The Spider and the Newcomers, Part X

“In fairness, I have to add that if the High Council had found you, or if they do enter talks with you, they will not approve of your circumstances,” Merdokk said. “The Corporate High Council by necessity takes a neutral role, and will not interfere in your affairs, but both you and the Tanturians would be given individual standing, and individual Corporate Representatives. You would have the opportunity to plead your case, as free-willed sentient beings, before the Council itself, and in a few decades you might be accorded dual prime sentient status. The High Council would intervene militarily, if necessary, and free you from your oppressors. They would set you up in environments on this world, or other suitable worlds. At the same time, they would do the same for the Tanturians, and make reparations for the quality of living they might lose from having to give up their slaves. However,” he leaned forward, snagged a third dough-ball, and rested his elbows on his Tanturian-skin-clad knees, “this would take time. I said ‘decades’, but it could take centuries. The High Council is a timeless organisation. There are cases of enforced slavery that they have been arguing back and forth for hundreds of thousands of years. And in the meantime, the secret of your existence would get out, and the Tanturians might decide to eradicate you, complete your enslavement. If there is no independent Fliei species outside the Tanturian kennels, then there is no debate. This might earn them censure from the High Council, but in my experience such steps are seldom a fitting punishment for genocide.”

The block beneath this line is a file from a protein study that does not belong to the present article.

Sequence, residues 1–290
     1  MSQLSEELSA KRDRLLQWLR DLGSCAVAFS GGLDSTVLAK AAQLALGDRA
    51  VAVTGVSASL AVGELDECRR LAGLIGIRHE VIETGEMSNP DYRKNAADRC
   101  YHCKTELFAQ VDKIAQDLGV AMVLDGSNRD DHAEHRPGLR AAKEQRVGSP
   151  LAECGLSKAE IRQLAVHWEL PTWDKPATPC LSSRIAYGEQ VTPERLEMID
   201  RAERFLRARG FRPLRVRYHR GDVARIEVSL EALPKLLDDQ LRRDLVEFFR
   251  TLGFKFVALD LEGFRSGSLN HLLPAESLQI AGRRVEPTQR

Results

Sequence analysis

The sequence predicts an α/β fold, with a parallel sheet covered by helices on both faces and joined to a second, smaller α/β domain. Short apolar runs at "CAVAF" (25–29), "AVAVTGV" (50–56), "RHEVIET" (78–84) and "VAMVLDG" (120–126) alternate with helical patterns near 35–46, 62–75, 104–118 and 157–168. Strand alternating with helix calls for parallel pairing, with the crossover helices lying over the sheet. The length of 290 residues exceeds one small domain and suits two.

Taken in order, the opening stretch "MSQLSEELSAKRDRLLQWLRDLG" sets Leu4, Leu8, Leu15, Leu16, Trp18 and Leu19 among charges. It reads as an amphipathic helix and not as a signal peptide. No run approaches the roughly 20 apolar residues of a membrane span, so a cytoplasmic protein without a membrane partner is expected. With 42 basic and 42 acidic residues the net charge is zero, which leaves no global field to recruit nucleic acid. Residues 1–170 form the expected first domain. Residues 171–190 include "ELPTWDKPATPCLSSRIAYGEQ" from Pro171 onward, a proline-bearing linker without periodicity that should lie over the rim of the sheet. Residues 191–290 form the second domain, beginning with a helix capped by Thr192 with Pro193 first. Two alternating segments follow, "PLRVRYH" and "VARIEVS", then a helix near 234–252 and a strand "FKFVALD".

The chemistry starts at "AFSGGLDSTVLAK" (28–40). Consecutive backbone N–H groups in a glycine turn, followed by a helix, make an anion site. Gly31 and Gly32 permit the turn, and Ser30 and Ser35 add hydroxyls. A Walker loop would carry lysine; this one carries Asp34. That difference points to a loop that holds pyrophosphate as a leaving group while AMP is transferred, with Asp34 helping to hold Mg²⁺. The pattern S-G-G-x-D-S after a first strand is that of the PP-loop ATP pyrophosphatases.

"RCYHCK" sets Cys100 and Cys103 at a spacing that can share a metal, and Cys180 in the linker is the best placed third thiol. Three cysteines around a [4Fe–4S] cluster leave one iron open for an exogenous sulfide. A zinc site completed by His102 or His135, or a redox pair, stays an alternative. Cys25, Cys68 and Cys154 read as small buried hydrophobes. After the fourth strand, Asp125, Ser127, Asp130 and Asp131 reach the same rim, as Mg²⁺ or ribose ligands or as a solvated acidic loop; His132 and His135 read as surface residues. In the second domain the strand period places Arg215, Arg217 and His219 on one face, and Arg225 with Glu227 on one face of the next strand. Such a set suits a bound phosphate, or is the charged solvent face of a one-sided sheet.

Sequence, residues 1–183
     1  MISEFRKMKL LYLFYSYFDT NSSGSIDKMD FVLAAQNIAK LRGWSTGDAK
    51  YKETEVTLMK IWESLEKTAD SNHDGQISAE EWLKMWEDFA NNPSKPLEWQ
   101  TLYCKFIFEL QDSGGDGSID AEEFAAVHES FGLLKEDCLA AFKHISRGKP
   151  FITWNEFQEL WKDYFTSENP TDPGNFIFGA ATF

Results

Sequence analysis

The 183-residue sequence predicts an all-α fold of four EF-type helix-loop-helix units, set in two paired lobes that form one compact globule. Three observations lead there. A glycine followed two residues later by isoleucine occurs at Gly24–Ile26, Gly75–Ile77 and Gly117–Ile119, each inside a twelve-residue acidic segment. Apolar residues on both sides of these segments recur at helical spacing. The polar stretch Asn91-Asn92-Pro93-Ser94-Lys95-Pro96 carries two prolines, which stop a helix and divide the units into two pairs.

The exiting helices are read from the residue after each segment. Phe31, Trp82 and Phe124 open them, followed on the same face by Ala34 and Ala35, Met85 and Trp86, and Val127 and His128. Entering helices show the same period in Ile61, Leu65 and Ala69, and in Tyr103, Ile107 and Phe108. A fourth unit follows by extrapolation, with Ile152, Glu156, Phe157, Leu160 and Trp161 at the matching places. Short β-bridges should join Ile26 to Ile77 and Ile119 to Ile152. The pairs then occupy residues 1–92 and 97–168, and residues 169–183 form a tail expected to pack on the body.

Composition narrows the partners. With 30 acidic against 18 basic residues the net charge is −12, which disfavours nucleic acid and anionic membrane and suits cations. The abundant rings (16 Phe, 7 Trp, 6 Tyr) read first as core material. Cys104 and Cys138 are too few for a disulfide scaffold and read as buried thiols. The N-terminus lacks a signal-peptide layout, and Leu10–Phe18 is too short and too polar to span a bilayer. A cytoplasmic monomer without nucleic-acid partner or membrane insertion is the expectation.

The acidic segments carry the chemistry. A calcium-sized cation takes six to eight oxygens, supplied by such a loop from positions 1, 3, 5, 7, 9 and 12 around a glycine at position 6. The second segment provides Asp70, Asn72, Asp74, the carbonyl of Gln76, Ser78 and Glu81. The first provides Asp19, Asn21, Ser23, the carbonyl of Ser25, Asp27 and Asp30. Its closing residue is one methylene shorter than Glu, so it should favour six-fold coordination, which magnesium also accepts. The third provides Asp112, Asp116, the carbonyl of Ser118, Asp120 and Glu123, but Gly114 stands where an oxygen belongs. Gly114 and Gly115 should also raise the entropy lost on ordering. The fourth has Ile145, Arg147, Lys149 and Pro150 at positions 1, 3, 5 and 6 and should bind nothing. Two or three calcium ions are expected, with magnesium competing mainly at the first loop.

He leaned back, and popped the pastry into his mouth.

“But you do not have to take my word for any of this,” he said. “I intend to give you the opportunity to study the Corporation, and the High Council, before coming to a decision. It is undeniable that you are consorting, at present, with a known enemy of the established government. Nothing I can tell you will be without bias. Indeed, I can provide you with material covering recent cases similar to your own, but there would be no reason for you to trust it. There is no reason for you to take my apparent candour as a sign of trustworthiness, either. The Corporation would be equally candid, and would give you the same files, but at the same time they would not be obliged to keep your presence a secret. The High Council is not by nature a covert organisation, and expects its constituents to take care of their own messes. No single group, no matter how large and powerful, can administrate the entire urverse.”

The three Fliei leaders exchanged glances that the translators, sadly, were not equipped to interpret. The Spider chose to take them as uncertainty.

“And what of the Council’s reaction when they find we have allied with you?” Eugon inevitably asked. “Will we not become criminals as well?”


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